"It's just a mess": Tens of thousands still without power as DTE works to clean up after storms

Posted at 11:40 PM, Sep 23, 2021
and last updated 2021-09-24 10:23:21-04

DETROIT (WXYZ) — Frustration is what DTE customers without power are feeling. For some families, it isn’t the first or second time they are going to bed without power. But it is the first time for some that are going to bed cold, as temperatures drop.

“Now it’s getting cold so I have to turn on my oven,” said Albert Crenshaw.

Crenshaw is turning on his over to stay warm. He lives on Ulster Street in Northwest Detroit. It’s night 3 for him without power after this week's constant rain and strong winds.

“We should have power restored by tomorrow afternoon, but they tell us this all the time and it can go on for 7 days,” he adds.

He’s tired of the back and forth with DTE and his neighbor Coleman Reed feels the same way.

“It’s just a mess,” said Reed.

This is becoming a norm here for people who live in the Brightmoor neighborhood.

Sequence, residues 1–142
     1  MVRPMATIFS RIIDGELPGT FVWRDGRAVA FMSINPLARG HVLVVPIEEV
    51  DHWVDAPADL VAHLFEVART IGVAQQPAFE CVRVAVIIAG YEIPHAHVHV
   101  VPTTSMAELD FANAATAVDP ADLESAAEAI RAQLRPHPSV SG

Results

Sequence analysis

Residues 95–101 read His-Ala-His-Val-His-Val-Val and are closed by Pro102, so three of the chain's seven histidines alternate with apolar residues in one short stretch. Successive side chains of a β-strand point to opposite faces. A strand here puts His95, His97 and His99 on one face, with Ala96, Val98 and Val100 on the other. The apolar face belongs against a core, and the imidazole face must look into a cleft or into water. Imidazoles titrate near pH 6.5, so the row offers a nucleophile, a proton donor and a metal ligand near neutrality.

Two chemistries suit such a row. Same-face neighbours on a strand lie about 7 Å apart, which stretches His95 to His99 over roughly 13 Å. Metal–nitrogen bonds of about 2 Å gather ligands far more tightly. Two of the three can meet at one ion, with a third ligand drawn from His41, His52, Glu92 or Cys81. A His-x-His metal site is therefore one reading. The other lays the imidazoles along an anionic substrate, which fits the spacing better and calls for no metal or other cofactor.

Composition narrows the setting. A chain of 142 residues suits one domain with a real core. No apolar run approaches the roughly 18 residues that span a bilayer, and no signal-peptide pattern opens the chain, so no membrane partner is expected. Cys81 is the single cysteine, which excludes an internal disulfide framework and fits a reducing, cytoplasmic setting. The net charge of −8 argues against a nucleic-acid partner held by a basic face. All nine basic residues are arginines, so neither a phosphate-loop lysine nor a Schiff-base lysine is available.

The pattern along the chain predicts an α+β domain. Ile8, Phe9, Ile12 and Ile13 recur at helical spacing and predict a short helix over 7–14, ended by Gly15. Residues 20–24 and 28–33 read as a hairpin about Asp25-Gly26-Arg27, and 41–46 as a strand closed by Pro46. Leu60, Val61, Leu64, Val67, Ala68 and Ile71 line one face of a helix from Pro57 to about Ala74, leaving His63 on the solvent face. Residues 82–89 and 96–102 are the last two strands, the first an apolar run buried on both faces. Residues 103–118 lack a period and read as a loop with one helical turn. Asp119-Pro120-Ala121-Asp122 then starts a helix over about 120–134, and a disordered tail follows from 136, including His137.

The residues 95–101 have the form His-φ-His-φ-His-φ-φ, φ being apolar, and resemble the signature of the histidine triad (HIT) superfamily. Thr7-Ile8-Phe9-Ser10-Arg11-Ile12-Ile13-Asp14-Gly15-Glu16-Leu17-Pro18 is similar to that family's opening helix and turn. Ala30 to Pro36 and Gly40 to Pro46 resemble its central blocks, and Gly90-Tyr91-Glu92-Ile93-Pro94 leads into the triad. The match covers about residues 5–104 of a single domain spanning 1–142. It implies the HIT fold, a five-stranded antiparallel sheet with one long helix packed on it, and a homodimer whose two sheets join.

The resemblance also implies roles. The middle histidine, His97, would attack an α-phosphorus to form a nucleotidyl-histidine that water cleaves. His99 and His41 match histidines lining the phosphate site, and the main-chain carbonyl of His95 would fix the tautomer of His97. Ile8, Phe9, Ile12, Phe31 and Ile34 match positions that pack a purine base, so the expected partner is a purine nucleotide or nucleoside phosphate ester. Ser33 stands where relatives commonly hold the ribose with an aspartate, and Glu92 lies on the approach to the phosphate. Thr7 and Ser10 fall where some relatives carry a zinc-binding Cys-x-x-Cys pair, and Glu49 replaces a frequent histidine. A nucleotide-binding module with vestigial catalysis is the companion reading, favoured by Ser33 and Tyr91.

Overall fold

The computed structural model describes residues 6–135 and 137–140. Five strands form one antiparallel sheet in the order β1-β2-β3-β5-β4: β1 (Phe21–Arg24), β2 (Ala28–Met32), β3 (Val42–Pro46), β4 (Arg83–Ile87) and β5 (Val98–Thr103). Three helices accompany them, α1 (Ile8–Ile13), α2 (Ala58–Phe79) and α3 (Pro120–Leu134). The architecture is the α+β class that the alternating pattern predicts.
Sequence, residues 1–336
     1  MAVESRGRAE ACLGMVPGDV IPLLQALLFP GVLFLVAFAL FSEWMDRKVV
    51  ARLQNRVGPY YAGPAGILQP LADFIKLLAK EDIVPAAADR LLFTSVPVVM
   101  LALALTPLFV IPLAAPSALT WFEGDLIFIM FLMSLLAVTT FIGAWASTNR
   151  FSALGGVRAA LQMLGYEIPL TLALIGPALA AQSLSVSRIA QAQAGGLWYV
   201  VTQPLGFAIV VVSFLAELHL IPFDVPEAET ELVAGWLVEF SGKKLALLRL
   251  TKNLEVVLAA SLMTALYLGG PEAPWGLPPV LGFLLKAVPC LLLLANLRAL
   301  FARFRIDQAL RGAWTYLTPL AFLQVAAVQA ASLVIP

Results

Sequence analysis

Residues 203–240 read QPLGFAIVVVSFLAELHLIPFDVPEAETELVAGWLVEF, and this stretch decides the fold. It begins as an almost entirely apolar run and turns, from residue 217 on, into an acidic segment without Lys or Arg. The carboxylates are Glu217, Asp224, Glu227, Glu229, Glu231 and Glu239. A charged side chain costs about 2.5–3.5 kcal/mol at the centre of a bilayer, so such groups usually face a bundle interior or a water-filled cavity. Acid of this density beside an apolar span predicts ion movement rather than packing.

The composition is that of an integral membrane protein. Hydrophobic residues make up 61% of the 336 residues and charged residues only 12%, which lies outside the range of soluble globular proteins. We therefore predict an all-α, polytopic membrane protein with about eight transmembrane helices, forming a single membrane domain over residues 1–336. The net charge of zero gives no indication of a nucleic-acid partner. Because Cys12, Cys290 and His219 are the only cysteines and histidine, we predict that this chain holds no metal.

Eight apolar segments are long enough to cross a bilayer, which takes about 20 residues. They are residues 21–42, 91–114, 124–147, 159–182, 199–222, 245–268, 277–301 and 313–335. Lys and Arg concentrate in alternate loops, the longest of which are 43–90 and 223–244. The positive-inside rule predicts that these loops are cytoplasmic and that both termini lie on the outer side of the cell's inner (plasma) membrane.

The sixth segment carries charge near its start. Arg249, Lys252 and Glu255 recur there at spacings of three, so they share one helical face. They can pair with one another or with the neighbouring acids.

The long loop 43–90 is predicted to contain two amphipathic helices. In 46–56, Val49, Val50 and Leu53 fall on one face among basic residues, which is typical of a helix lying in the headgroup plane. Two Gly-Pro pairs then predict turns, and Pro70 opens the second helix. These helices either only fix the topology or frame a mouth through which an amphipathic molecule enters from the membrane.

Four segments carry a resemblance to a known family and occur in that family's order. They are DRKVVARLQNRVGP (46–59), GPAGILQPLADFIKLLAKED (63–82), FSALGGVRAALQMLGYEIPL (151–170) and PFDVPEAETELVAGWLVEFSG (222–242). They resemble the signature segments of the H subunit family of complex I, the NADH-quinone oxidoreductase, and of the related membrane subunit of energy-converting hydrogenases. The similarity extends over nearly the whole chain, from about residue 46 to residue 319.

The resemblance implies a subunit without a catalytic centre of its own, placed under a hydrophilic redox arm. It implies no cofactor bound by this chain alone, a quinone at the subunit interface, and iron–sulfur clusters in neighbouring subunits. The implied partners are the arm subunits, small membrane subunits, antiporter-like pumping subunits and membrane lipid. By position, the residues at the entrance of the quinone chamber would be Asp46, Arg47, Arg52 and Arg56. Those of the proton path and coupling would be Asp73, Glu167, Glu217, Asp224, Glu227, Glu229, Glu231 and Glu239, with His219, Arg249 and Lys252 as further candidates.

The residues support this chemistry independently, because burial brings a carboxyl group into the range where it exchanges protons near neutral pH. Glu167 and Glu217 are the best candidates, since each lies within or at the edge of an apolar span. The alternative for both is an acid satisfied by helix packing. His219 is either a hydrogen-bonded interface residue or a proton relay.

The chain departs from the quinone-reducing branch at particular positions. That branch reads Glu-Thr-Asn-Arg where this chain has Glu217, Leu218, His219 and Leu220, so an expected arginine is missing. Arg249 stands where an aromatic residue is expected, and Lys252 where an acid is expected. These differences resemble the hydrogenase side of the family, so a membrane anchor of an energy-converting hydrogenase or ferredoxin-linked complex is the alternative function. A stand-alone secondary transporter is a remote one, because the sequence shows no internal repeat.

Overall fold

Reed says whenever they get rain and wind you can guarantee they’ll be sleeping in the dark and making several trips to the grocery store.

“Right now, we had to go get ice to keep everything straight. We’ve been dumping ice on it; $20-$30 worth of ice every day to keep everything frozen,” he adds.

The Wade’s stopped by the DTE Community Van in West Bloomfield for some ice and water.

“We are running out of everything,” said Roy Wade.

At this age, he says power outages are difficult.

“I’m 87 now. With my medical conditions and so forth, being without power makes it tough” he adds.

DTE Foundation’s vice president Rodney Cole says people are coming in the rain.

“Whatever we can do to try to help with what is a difficult situation for customers,” said Cole.

Trevor Lauer, DTE’s president of the Electric Company says they have about 1,000 crew out working to restore power.

“Right now our customers are frustrated with DTE and I understand that and empathize we should be giving them better reliability. We’ve struggled with the high winds that have hit SE Michigan this summer,” said Lauer.